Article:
Retirement costs: Americans now expect they’ll need $1.25 million

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Plunging markets and soaring inflation are weighing on Americans’ retirement expectations, and things aren’t looking good.

Retirement planning in the country is getting tougher by almost every metric, according to a new study on retirement planning from financial services firm Northwestern Mutual. The main finding, released Tuesday, was that savers said they now thought they would need as much as $1.25 million to retire comfortably.

This equates to a 20% increase from 2021 and a 32% increase from February 2020 (pre-pandemic).

“For many, this is a time of uncertainty, driven primarily by rising inflation and market volatility,” Christian Mitchell, executive vice president of Northwestern Mutual, said in a news release.

How much money do you need to retire?

Retirement can be expensive. Major costs include health care, housing, utilities, and food — these are just the basics.

In a Northwestern Mutual poll, 52% of respondents said they don’t know how much they need to retire comfortably. About 17 percent said they expected to need at least $1 million. (Across all respondents, the average amount needed to retire comfortably was $1.25 million.)

The exact amount you need for retirement depends a lot on the situation, but some experts suggest that savers should save about 10 times their annual income in retirement, or set aside 15% of their salary each year.

While Americans expect they’ll need to save eye-popping amounts of money for retirement, the amount they’re actually saving has plummeted. The average American adult’s reserves are now $86,869, down 11 percent from last year’s $98,800, Northwestern Mutual said.

This saving conundrum has left many people losing faith in retirement and delaying the age of farewell to the workplace. According to the Northwestern University survey, 43 percent of respondents said they were not financially prepared for retirement, leading to a rise in the average age at which they expect to retire: it is now 64. Last year was 62.6 years old.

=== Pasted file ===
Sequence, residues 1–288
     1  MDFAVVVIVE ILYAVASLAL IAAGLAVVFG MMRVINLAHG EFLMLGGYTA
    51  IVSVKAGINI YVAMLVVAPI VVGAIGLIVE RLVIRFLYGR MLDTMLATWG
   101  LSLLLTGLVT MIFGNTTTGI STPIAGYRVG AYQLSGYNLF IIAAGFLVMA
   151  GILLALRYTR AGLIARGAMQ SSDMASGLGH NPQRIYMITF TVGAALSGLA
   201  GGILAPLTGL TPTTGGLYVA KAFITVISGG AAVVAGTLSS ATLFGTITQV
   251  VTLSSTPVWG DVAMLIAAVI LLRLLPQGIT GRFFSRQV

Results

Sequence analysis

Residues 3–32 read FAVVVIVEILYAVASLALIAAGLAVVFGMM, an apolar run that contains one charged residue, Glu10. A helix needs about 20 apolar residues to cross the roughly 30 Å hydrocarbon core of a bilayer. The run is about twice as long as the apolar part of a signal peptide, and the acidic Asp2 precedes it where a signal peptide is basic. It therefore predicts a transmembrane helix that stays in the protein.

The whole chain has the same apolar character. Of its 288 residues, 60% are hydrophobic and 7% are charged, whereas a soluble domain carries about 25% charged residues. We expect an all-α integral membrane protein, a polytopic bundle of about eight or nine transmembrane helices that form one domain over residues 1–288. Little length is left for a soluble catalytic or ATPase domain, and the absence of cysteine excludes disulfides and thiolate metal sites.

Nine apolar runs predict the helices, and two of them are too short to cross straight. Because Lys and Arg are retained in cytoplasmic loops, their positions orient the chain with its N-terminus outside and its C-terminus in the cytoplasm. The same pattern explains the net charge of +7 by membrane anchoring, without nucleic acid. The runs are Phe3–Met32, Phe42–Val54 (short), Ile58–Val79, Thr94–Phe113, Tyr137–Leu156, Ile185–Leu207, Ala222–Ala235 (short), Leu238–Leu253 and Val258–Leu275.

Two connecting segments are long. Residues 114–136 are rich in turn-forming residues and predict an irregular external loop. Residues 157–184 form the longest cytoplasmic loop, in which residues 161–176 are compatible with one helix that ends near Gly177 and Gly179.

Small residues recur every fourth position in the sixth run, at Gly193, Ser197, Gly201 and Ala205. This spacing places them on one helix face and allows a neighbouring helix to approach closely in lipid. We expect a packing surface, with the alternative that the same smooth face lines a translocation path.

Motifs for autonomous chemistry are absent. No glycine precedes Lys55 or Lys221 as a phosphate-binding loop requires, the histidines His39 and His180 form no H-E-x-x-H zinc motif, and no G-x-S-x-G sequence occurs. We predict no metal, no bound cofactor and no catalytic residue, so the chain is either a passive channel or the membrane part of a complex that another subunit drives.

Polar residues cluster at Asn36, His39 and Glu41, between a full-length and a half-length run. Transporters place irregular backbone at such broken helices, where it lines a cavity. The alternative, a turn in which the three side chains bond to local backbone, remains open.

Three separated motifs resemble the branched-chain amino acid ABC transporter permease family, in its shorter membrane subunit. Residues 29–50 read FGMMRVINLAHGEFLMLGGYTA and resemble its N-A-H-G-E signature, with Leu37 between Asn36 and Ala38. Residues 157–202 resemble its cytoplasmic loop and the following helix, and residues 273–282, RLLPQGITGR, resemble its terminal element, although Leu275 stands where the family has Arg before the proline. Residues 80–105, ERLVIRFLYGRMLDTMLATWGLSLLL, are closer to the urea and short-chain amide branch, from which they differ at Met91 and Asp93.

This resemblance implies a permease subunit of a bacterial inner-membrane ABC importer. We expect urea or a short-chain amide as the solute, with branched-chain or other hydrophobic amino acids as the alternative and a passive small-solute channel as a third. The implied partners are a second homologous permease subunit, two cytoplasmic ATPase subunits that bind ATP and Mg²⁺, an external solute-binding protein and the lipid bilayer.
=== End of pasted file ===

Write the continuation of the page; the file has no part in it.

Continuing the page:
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Northwestern’s findings are not a flash in the pan. The report, based on a February survey of nearly 2,400 adults, follows a series of recent studies showing that serious cracks are forming in many Americans’ retirement plans.

Savers say inflation is the No. 1 barrier between them and a comfortable retirement, according to a recent report by financial firm Schwab. Likewise, research from the National Retirement Institute found that 4 in 10 workers aged 45 or older want to delay retirement in order to further increase their income.

Inflation, which has held steady near 40-year highs throughout 2022, played a key role in these gloomy reports. Rising prices not only limit how much people can save now, but they can also significantly increase retirees’ spending later — especially when it comes to big bills like health care.

A silver lining? The IRS and Social Security take inflation into account to help retirees and savers.

On Friday, the IRS announced that the amount savers can contribute to their 401(k) (and similar employee retirement accounts) has increased from $20,500 to $22,500, a nearly 10% increase. Likewise, price increases have led to the largest cost-of-living increase in Social Security checks in 42 years.

Both changes will take full effect in 2023.